When natural disasters and pandemics strike together, expect a slow recovery
When a pandemic and a natural disaster hit a community simultaneously, disease exposure and social distancing can limit the availability of critical personnel, leaving a community positioned for a lengthy recovery. With both types of events expected to occur with increasing frequency, a team of researchers at Rensselaer Polytechnic Institute has been running simulations to better understand how communities can weather concurrent crises.
In a paper recently presented at the 54th Hawaii International Conference on System Sciences, the research team wrote that, prior to the onset of the COVID-19 pandemic, "little attention had been paid to the possibility that a significant number of critical personnel in both the infrastructure and disaster response and recovery supply chains could be incapacitated or otherwise unavailable due to an ongoing pandemic." Furthermore, their modeling suggests that "our current understanding of such compound extreme events is inadequate to the potential threat."
Specifically focusing on hurricane recovery, the team used a customizable artificial community—essentially, a digitally created model town—to simulate scenarios that may become realities after a storm. Their particular model, previously created at Rensselaer with support from the U.S. Department of Homeland Security, mimics a coastal community in North Carolina with a population of about 500,000 people. Using a tool developed at Rensselaer to optimize the scheduled repair of civil infrastructure, the researchers calculated the recovery time of the artificial community in scenarios of varying storm strength, workforce supply, and workforce demand.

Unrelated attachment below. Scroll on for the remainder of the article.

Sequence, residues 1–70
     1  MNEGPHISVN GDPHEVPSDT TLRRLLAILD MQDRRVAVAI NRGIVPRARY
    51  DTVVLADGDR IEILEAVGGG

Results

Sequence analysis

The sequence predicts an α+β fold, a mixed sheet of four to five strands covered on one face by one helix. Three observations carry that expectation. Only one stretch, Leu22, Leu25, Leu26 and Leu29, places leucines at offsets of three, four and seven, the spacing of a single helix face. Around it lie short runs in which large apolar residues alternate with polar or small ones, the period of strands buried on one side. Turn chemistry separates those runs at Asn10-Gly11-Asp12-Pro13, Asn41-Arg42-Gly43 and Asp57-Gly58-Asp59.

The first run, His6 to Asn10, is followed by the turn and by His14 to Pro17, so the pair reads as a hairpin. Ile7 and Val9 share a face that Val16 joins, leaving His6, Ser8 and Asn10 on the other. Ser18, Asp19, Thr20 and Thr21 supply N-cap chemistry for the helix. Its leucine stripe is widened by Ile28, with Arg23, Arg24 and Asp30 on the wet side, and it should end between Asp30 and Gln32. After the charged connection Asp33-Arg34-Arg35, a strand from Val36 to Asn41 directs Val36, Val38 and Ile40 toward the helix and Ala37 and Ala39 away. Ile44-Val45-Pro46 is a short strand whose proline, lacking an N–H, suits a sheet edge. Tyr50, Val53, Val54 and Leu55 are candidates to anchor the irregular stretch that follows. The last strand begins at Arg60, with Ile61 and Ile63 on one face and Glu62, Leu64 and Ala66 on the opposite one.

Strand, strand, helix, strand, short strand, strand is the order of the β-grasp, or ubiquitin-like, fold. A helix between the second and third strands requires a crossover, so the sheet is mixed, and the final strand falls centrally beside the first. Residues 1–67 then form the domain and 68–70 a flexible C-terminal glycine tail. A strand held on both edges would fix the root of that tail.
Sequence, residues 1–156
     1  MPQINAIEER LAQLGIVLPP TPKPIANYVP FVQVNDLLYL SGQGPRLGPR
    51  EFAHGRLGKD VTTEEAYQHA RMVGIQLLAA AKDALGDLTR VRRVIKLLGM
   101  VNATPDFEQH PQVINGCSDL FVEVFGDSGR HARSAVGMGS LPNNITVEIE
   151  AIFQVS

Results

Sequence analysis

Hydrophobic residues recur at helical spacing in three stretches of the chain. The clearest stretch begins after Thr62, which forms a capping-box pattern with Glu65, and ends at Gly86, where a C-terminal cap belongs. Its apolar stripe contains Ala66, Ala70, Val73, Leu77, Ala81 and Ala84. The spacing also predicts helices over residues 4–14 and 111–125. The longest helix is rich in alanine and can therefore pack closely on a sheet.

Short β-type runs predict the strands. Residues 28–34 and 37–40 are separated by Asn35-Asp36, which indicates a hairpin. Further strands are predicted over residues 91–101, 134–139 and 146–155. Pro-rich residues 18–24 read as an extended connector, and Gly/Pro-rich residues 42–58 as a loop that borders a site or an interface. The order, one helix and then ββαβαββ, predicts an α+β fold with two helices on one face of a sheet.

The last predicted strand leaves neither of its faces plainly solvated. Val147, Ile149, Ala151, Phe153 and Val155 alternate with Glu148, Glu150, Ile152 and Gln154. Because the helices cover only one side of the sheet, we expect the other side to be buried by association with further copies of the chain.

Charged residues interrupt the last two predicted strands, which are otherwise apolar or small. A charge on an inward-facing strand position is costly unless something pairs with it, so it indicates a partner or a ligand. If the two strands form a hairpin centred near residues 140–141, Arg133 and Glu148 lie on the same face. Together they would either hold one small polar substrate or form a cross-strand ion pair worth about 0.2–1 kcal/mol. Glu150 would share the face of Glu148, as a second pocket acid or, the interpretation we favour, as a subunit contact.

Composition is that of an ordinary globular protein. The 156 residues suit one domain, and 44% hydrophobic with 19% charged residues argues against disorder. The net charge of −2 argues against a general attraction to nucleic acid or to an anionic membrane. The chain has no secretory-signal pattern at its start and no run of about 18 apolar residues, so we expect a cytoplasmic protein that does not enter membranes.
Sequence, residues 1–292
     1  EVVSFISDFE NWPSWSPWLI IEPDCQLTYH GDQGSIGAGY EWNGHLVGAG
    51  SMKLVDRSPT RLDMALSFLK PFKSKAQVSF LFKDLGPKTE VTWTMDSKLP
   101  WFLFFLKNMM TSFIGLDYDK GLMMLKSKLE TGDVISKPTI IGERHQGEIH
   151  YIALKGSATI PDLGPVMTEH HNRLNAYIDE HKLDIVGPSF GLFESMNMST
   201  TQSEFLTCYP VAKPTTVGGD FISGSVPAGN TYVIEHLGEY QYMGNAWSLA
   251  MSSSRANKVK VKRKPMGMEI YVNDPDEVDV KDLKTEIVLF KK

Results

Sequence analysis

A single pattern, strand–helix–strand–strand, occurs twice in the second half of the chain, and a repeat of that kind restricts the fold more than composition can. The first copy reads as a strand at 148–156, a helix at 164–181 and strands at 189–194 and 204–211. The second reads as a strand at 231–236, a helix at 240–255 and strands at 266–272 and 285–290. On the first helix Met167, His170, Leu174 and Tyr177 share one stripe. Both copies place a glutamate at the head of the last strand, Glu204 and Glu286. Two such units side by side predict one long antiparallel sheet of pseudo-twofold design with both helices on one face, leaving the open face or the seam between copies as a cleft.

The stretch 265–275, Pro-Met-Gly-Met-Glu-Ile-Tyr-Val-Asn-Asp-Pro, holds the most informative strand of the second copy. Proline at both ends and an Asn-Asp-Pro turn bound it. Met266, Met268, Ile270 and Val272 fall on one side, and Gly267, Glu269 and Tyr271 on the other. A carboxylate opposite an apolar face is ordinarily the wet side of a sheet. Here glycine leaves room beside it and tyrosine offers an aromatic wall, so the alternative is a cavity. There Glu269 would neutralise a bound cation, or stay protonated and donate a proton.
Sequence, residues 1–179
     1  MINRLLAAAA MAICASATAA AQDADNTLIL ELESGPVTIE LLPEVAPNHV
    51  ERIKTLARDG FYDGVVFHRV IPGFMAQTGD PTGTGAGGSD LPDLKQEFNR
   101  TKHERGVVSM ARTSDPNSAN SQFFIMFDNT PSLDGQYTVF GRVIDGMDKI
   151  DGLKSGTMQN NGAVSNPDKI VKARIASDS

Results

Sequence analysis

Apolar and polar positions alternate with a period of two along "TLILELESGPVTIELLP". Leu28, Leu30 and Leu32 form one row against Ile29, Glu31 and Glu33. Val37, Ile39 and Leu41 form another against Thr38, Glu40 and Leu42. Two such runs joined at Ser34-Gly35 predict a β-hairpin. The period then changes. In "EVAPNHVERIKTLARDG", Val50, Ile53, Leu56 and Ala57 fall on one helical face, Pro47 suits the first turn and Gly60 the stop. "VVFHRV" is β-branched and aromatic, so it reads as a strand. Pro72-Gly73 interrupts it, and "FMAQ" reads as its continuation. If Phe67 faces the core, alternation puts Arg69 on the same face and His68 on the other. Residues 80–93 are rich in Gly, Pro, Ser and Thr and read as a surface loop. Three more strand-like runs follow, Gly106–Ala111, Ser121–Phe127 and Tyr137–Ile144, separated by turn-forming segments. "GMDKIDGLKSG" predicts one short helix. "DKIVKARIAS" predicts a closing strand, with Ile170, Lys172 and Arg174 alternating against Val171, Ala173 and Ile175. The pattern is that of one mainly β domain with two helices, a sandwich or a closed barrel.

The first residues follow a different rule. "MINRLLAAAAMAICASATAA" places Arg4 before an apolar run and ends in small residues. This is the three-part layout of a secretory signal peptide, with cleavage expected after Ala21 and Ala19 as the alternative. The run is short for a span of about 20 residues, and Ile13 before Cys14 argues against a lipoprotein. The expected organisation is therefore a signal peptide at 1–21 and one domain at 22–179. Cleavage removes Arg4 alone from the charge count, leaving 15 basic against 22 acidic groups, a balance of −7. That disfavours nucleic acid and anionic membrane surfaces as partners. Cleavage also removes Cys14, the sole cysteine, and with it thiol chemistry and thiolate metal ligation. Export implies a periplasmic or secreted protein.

The model revealed that civil infrastructure outages increased when there were pandemic-induced workforce reductions, that water and power system outages were the most frequent and pressing challenges, and that the greatest disruption to civil infrastructure happened after a loss of the first 25% of workers.
"In order to do emergency response, you have to have people," said Al Wallace, head of the Department of Industrial and Systems Engineering at Rensselaer and co-author on the paper. "When you talk about infrastructure, everybody thinks about the physical part of it. But we rarely think about the human part of it. We're beginning to recognize it now because of COVID-19. The problem isn't going to go away; the problem will be here this hurricane season."
The paper also raised concerns that delays in recovery could exacerbate negative health impacts already heightened by a pandemic. For instance, the researchers said, those living in nursing homes and temporary shelters would be most vulnerable to COVID-19, power outages, and water shortages. Restoration efforts for these populations are critical.
While their model highlights some of the key challenges recovery personnel could face, the researchers said that more exploration and modeling should be done in this area. They encourage policymakers and response personnel to consider new and critical questions, such as how mass evacuations could be conducted in an era of social distancing and what to do if few volunteers from other areas are able or willing to help. Most of these considerations, the researchers pointed out, ultimately come back to the importance and availability of people.
"Almost everybody looks at the hardware and the institutional pieces of infrastructure and they just kind of assume that people are always going to be there," said Richard Little, a visiting research scholar in industrial and systems engineering at Rensselaer and co-author of the paper. "What we saw during the pandemic is we sometimes didn't have people."
"Observations on the Effects of a Global Pandemic on the Time To Recovery (TTR) from Natural Disasters" was written by Wallace, Little, and Madeline Roberts, a 2020 graduate of the Department of Industrial and Systems Engineering at Rensselaer.